It is a time of social change, in which “instantaneous photographs and newspaper enterprise have invaded the sacred precincts of private and domestic life; and numerous mechanical devices threaten” us with “mental pain and distress, far greater than could be inflicted by mere bodily injury.” How bad is it?
The press is overstepping in every direction the obvious bounds of propriety and of decency. Gossip is no longer the resource of the idle and of the vicious, but has become a trade, which is pursued with industry as well as effrontery. To satisfy a prurient taste, the details of sexual relations are spread broadcast in the columns of the daily papers. Each crop of unseemly gossip, thus harvested, becomes the seed of more, and, in direct proportion to its circulation, results in the lowering of social standards and of morality.
The time in question, of course, is December 1890. Thus did Louis Brandeis and co-author Samuel Warren inveigh in the Harvard Law Review, pointing out wrenching changes brought in the wake of technology’s progress (“the latest advances in photographic art have rendered it possible to take pictures surreptitiously”). In the process, they invent something called the right to privacy, “the right to be let alone.”
The matter is particularly timely today, given the polarizing figure of Edward Snowden, who has been given temporary asylum from U.S. authorities in Russia after having revealed the U.S. government’s unprecedented snooping on the American public, along with troves of information about U.S. intelligence operations. Is Snowden a hero for blowing the whistle on violation of the sacred right that Justice Brandeis pioneered, or is he a traitor for setting our country at risk in a time of dangers the likes of which any 19th-century writer could have never even contemplated?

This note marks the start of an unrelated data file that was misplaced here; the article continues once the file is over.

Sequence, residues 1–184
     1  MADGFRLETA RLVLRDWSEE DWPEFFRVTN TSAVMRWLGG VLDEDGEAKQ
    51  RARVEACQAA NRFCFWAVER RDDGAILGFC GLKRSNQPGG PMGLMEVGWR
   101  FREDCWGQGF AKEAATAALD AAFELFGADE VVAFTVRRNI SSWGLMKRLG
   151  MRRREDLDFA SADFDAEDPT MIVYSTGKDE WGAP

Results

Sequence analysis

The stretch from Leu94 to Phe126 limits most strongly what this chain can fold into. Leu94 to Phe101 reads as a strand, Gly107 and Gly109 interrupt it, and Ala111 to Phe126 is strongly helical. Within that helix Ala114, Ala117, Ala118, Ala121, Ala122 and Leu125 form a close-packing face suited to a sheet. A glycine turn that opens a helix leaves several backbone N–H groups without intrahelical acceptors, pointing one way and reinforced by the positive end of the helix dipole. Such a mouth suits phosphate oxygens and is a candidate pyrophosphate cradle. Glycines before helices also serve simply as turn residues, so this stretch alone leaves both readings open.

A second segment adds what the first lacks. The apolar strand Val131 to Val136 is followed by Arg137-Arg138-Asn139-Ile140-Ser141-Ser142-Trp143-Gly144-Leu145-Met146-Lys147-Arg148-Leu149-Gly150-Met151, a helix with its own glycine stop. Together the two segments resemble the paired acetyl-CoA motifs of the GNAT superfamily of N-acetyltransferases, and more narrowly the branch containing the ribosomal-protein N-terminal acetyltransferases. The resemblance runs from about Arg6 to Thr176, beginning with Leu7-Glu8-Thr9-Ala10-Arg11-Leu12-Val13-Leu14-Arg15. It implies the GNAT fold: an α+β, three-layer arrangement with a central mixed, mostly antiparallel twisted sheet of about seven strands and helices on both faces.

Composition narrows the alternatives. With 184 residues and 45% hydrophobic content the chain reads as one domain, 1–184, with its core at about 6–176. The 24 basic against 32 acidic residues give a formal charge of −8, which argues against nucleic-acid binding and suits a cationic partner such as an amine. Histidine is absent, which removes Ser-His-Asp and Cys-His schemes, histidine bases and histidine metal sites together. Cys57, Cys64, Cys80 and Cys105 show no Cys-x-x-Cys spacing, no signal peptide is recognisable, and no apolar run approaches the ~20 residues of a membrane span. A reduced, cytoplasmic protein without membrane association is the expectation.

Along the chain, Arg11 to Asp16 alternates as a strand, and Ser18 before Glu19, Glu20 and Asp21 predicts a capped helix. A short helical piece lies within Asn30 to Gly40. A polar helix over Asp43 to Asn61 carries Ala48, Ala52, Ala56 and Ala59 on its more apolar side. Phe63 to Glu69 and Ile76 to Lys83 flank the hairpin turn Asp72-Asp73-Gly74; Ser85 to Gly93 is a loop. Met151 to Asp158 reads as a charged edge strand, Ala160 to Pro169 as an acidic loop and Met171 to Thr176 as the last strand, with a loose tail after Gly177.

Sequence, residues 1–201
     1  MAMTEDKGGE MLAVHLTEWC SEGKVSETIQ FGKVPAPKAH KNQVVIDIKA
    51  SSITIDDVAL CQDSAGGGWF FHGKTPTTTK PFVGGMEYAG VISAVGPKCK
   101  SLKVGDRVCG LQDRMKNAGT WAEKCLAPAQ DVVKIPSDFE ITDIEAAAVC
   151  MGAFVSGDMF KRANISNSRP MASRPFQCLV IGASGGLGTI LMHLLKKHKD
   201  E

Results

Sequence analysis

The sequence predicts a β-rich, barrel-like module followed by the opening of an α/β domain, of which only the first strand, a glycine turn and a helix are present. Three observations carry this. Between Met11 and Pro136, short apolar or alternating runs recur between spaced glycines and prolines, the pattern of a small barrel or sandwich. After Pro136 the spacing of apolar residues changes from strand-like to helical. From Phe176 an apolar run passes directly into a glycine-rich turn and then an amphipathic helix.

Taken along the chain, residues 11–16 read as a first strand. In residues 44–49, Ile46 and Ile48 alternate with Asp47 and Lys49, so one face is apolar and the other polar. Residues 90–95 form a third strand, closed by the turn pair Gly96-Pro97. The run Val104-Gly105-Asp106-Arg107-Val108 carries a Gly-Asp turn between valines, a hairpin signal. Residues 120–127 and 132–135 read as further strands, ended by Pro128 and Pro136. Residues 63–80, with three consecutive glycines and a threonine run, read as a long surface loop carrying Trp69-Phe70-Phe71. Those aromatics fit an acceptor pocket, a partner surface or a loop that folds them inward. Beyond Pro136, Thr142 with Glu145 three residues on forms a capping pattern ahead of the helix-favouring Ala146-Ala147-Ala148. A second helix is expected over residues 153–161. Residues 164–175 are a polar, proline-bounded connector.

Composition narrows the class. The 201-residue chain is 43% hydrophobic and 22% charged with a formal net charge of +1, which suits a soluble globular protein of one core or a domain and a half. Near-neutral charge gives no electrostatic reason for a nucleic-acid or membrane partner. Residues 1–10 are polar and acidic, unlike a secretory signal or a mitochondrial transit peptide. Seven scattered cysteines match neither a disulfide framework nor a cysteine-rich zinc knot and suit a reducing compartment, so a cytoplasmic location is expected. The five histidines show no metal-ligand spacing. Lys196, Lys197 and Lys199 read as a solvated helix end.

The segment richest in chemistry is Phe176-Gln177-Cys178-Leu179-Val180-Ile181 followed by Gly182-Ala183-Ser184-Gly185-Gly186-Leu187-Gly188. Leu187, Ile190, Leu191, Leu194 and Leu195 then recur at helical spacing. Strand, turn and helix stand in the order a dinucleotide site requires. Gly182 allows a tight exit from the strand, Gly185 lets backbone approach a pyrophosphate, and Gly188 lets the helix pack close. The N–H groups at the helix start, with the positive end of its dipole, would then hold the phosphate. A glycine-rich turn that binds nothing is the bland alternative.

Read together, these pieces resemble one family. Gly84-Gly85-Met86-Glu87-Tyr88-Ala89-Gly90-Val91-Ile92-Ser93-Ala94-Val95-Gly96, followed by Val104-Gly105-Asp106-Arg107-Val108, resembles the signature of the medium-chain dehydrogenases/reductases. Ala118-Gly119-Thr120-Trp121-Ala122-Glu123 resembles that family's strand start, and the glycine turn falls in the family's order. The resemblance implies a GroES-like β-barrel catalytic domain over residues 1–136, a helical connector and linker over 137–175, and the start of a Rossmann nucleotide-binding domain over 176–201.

To be sure, the particular evil that Brandeis and Warren sought to remedy, as the exerpts above make clear, was from an out-of-control press, not from any sort of governmental overreach. If anything, the cases cited in their article show particular solicitude for government officials, not a sentiment that the public needs protection from official surveillance. For example, they rely on the 1849 case of Prince Albert v. Strange to show that Queen Victoria and her consort could prevent dissemination of etchings that they made for their own pleasure. An even earlier case, Wyatt v. Wilson, commented in 1820 about George III, that “if one of the late king’s physicians had kept a diary of what he heard and saw,” he would not be permitted to publish it. (In case you forgot, that was the same George III who tried to prevent the Thirteen Colonies from gaining their independence in 1776, but by the time Brandeis was writing a century later, all seems to have been forgiven.)
So how would Louis Brandeis have viewed Edward Snowden? To conceptualize the matter, we have to go far forward in time from 1890.
An implacable enemy threatens the United States in an unprecedented way. The tens of thousands of fatalities it has already caused are impossible to number precisely. Worse, the threat reaches right into the homeland, as native sons and daughters are seduced into its philosophy of death, to the consternation and incomprehension of their nearest and dearest. Apologists like to point out that it is the dark side of an otherwise acceptable phenomenon, long observed in many parts of the world without fatal results. But the national consensus has finally swung into action.